WINDHOEK – Namibia is one of 13 countries close to achieving HIV epidemic control.
The Namibia Population-based HIV Impact Assessment (NAMPHIA) survey results to be released soon will give a clearer picture on how close the country is to that target.
Epidemic control is considered when there are more people dying of AIDS related deaths, compared to the number of people who are being infected with HIV.
Other countries that are nearing epidemic control are Zambia, Kenya, Tanzania, Botswana, Swaziland, Zimbabwe, Malawi, Lesotho, Haiti, Rwanda, Ivory Coast and Uganda.
Current statistics indicate Namibia has about 25 new HIV infections per day and 11 deaths related to HIV/AIDS per day.
At a media briefing on Tuesday, Dr Eric Dziuban, the Country Director for the Centers for Disease Control and Prevention (CDC) said the current data on HIV/AIDS is “a little bit older”.
Dziuban said the NAMPHIA results will be released in the coming months by the Ministry of Health and Social Services. The results, he added will provide accurate and updated data on the numbers of people living with HIV in Namibia, the treatment and other figures.
The NAMPHIA survey was made possible with support from the U.S. President’s Emergency Plan for AIDS Relief (PEPFAR), through the U.S. Centers for Disease Control and Prevention.
The survey conducted last year assessed the impact of HIV programmes in Namibia and evaluated the treatment response that has been implemented.
“It would be exciting to really see our most recent numbers released by the Ministry of Health soon. It’s going to be our best indication on where exactly the HIV epidemic stands now in Namibia,” said Dziuban.
However, current statistics indicate that Namibia’s HIV prevalence rate is at 13.8 percent. In the SADC region, Zambia’s prevalence rate is at 12.4 percent, Botswana is at 21.9 percent, South Africa is at 18.9 percent and Angola is at 1.9 percent.
But despite Angola’s low prevalence rate, Dziuban explained the challenges of the health system still poses problems in its fight against the disease.
“So without good coverage of treatment even countries with low prevalence and incidence rates could be experiencing severe challenges in terms of the quality of life and the length of life of people living with HIV,” said Dziuban.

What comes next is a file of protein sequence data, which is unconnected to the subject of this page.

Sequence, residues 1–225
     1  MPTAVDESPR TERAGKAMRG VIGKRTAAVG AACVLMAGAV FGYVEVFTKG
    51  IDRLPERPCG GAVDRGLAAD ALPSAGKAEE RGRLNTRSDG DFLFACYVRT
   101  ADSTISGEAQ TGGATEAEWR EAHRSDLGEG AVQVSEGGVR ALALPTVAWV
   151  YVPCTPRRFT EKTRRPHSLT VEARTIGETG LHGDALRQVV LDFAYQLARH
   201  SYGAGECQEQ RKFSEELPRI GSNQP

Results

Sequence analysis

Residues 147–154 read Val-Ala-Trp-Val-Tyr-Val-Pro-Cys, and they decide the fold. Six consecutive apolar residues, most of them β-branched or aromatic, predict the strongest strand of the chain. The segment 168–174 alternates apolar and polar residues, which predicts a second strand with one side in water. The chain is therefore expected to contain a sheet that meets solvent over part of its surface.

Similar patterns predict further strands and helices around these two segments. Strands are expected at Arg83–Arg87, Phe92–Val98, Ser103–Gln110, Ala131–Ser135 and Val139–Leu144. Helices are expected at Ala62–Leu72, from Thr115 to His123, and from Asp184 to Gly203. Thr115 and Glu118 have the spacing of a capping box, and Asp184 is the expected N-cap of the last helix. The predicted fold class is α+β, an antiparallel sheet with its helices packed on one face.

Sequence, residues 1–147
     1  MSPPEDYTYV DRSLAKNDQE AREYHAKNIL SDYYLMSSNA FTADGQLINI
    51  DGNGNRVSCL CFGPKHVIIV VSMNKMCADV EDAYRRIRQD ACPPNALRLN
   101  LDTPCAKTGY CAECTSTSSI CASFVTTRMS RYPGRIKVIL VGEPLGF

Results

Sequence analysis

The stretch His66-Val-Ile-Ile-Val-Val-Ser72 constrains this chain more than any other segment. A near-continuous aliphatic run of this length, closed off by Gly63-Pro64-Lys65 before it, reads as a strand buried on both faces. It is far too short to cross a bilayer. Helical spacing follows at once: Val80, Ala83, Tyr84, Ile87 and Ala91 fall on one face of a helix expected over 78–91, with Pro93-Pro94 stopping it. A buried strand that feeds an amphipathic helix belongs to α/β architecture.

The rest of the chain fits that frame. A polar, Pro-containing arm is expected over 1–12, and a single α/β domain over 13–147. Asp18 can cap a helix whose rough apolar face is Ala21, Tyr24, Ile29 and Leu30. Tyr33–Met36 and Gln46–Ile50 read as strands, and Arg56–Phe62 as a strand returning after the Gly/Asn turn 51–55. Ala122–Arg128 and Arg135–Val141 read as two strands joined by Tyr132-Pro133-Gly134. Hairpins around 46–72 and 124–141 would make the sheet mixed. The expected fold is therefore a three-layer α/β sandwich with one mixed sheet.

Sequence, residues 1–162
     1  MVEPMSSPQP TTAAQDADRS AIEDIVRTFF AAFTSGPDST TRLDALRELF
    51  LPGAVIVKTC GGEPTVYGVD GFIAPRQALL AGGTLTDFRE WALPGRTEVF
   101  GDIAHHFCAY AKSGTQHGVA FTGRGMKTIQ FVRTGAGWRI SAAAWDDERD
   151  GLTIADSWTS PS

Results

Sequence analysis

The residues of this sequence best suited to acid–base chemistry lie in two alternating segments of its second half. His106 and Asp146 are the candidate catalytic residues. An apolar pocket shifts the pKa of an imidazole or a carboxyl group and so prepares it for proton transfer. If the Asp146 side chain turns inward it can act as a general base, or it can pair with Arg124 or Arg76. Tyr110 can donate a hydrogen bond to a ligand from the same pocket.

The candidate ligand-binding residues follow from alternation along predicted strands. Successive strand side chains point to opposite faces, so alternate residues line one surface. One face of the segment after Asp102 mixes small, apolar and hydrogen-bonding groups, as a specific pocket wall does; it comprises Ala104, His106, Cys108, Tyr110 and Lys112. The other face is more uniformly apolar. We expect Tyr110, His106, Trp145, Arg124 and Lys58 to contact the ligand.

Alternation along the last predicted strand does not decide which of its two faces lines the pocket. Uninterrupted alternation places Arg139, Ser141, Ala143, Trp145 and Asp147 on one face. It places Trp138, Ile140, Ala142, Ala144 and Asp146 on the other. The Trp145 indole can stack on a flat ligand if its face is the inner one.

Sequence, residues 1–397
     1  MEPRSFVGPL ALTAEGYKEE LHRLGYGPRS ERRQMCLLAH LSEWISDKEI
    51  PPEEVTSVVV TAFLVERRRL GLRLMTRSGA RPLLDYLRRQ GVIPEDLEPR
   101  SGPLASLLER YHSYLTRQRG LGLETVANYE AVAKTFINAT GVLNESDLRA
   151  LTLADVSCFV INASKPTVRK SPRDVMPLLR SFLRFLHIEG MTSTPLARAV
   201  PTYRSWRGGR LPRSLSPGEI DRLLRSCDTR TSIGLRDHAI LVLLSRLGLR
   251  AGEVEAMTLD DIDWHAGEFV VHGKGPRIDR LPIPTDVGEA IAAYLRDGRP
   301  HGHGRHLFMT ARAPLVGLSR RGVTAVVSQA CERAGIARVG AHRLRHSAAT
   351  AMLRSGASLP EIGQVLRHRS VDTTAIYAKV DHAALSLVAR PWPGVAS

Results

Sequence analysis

Further, he also cited the UNAIDS 90-90-90 goals which means to ensure that 90 percent of people living with HIV know their status and that 90 percent of people diagnosed with HIV are on antiretroviral treatment and that 90 percent of those on treatment achieve a suppressed viral load.
Dziuban also highlighted there are 230 000 people living with HIV in Namibia. Out of these, 87 percent know their HIV status and out of those who know their status, 81 percent are on treatment while 70 percent of those who are on treatment are virally suppressed (when the HIV virus cannot be detected).
“A patient who is virally suppressed has every chance of living a healthy life and a greatly reduced risk of transmitting the disease,” added Dziuban.
US Ambassador to Namibia, Lisa Johnson said at the same event that the last 90 goal on achieving a suppressed viral load is the most important in terms of maintaining the health of infected individuals and in stopping HIV transmission.
Dziuban also made reference to Tanzania, saying a shocking 48 percent of people living with HIV in that country do not know their HIV status.
“If you don’t know your HIV status none of the other steps for protecting your health and preventing transmission of HIV can occur. So that’s a big challenge there,” Dziuban explained.
Swaziland is also close to reaching epidemic control.
“Swaziland has a smaller population compared to Tanzania and Namibia but their HIV prevalence is extremely high. It’s the highest in the world. They’re close to where Namibia is in terms of getting to 90-90-90 goals to making sure that they have a controlled epidemic,” said Dziuban.